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PM3 Henry Warren Tucker
1919 - 1942







Our ship was named in honor of  PM3 Henry Warren Tucker of York, Alabama, USNR. He was posthumously awarded the Navy Cross for heroism during the Battle of the Coral Sea, 7 May 1942.







Tucker was called to active duty in July, 1941, and reported to the Naval Hospital at Pensacola, Florida.

On 15 January 1942, Tucker reported aboard the tanker USS Neosho (AO-23) for duty. The Neosho had survived the Pearl Harbor attack despite being berthed on "Battleship Row."

During the opening phase of the Battle of the Coral Sea, Japanese naval forces launched an all-out aerial attack on what they believed was the main U.S. battle force. What the Japanese found instead was the Neosho and destroyer USS Sims (DD-409) waiting at a refueling rendezvous.

Facing a 60-plane attack, the fate of the two American ships was never in doubt. The Sims exploded and sank immediately with a loss of almost the entire crew. Despite its cargo of burning aviation gas and fuel oil. the Neosho managed to remain afloat for awhile.







For his actions during the sinking of the Neosho, Tucker was awarded the Navy Cross. The citation reads as follows:

"For extraordinary heroism and distinguished service in the line of  his professionalism following the attack on the USS Neosho by enemy Japanese aerial forces on 7 May 1942.

"With complete disregard for his own life, Tucker swam between the various life rafts carrying tannic acid in his hands to treat the burns of the injured men.

"He hazarded the dangers of exposure and exhaustion to continue his task, helping the injured to boats but refusing a place for himself.

"Tucker was subsequently reported as missing in action and it is believed he lost his life in his loyal and courageous devotion to duty.

His valorous actions enhance and sustain the finest traditions of the United States Naval Service."

U.S. Department of the Navy










Memories - 4


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Doug Faber


I arrived on board from Subic via several other ships in 1972. As an ICFN I would soon learn that keeping the captains phone working was top priority. The IC shop was a small, smoky, hot little room that was shared with the guys who targeted the gun mounts. Cruising along the coast of Viet Nam was an experience I will never forget.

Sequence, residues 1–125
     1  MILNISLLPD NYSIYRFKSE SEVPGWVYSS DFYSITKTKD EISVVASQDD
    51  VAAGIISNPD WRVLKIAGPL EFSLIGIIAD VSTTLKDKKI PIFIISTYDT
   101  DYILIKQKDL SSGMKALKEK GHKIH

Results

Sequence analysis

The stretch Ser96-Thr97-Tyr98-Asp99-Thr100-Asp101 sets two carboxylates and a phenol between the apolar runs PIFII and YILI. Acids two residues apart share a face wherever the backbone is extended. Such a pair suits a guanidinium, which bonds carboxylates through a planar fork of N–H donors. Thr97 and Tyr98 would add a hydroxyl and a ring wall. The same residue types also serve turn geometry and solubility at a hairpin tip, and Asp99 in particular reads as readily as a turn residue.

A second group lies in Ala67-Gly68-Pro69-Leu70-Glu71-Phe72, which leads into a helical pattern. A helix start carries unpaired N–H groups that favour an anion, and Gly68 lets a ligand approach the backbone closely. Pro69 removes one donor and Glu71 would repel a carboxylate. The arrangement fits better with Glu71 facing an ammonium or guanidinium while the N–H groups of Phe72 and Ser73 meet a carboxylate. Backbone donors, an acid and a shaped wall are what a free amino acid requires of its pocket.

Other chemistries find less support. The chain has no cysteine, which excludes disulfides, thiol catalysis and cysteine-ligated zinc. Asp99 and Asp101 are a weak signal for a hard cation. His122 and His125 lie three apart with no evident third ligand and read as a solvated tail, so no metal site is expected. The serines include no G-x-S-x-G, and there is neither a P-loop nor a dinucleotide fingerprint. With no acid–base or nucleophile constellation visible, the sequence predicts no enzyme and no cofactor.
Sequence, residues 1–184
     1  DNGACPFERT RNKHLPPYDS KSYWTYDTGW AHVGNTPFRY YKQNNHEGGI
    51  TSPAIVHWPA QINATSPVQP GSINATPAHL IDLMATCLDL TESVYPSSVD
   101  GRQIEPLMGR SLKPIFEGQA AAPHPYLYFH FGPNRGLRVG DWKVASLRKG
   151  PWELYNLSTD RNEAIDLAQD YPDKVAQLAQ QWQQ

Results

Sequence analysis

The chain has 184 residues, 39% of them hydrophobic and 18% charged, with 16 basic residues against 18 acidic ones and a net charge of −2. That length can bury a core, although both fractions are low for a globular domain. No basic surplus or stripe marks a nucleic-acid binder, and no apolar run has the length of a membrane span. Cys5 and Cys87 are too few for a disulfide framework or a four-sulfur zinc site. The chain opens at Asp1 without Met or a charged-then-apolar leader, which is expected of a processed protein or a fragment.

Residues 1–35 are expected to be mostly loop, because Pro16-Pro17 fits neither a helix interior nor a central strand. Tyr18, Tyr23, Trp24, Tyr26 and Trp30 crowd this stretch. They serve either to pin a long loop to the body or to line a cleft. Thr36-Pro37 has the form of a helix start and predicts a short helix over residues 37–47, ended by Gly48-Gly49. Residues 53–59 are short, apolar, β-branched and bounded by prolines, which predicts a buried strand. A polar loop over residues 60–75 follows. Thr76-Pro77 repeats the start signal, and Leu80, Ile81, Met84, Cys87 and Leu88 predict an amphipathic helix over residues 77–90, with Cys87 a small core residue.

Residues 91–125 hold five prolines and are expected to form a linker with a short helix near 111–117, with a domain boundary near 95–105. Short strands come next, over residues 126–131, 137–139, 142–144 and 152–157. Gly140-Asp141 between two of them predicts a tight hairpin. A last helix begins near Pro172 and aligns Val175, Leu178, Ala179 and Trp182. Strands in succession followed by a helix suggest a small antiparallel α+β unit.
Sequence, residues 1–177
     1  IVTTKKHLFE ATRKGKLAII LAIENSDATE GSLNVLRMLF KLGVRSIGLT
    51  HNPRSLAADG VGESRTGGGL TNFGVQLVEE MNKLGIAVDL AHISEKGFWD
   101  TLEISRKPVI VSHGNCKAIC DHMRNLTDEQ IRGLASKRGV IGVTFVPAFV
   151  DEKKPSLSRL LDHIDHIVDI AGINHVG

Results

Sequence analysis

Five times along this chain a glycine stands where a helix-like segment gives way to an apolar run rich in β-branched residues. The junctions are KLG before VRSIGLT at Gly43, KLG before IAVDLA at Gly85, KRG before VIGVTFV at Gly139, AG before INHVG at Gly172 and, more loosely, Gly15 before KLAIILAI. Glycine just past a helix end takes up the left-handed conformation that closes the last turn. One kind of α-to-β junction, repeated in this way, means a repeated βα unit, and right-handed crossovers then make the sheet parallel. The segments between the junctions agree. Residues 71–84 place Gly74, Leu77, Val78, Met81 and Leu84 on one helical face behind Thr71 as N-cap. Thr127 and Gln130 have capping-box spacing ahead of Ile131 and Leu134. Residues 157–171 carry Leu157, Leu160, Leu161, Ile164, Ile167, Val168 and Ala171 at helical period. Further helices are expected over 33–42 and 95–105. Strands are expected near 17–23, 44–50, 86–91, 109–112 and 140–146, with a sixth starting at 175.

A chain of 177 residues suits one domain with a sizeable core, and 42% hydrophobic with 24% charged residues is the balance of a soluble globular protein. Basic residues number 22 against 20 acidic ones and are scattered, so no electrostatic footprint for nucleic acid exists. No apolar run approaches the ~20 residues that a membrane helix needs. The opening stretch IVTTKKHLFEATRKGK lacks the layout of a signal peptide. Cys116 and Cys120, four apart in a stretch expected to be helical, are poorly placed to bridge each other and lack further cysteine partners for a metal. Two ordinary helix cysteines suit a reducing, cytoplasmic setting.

The captain stopped the ship one day and we drifted closer to shore than I had hoped. I wasn't sure what we were doing, just drifting, and hoped no one would try and shoot at us. One hot day I asked someone why we couldn't drop over the side for a swim, figuring that we could always get back on board if the call came to hit a target. My question was answered when the person I asked told me to look in the water and count the sea shakes. We never did get to swim and I never asked again after viewing all the snakes.

I did get a souvenir though. My appendix ruptured after leaving Subic from an R&R. One night I was in some pretty bad pain, and had an ice bag the corpsman gave  to put on my side. I'm not sure why I did not try to switch places with the guy on the lower rack, since I was on the top, but that night the bag stopper came out and it woke the two people below me. Hey! you can't hit a guy in pain I yelled. A helo finally took me off after two days of misery, and I went to Saigon for surgery. Took some pictures and saw a little of the country while trying to get back the ship. I took quite a few pictures for the cruise book which I still have. Discovered I had a twin on board who everyone thought was me. (George Clemens) He was a quartermaster and one of his duties was to wind the clocks in various compartments.

I would stop in the engine room to check a sound powered phone, and someone would ask me to set the clock. Not trying to be rude, but looking somewhat puzzled, I would let them know my job did not include clocks. I later learned that George would get dirty looks if he refused to troubleshoot the phones. So neither of us had ever met until I was told of this person who looked like me. Funny thing is we became good friends, but I see his whereabouts are unknown.

The Tucker was a small ship, but being able to meet and know quite a few of the crew was what I liked about serving aboard her. I always thought she would sit beside the rest of the ships at the south end of 32nd ST. Now they are all gone, but the memories.

Best wishes to all who served aboard the Henry W Tucker.


Lee A. Dunn


I came to the Tucker right out of radar school in the fall of 1958.  At that time, the Henry W. was homeported in Long Beach, CA.  After a few training trips up and down the coast of California, we headed for a WestPac cruise to Japan and the Far East.  It was a great adventure for a young dude from Georgia who had never been away from home.  I still have some great memories of the places we visited and the people we met.  Later, sometime around 1960 when I was an RD3, I got transferred over to the USS Leonard F. Mason DD852, just before we got homeported to Yokosuka, Japan.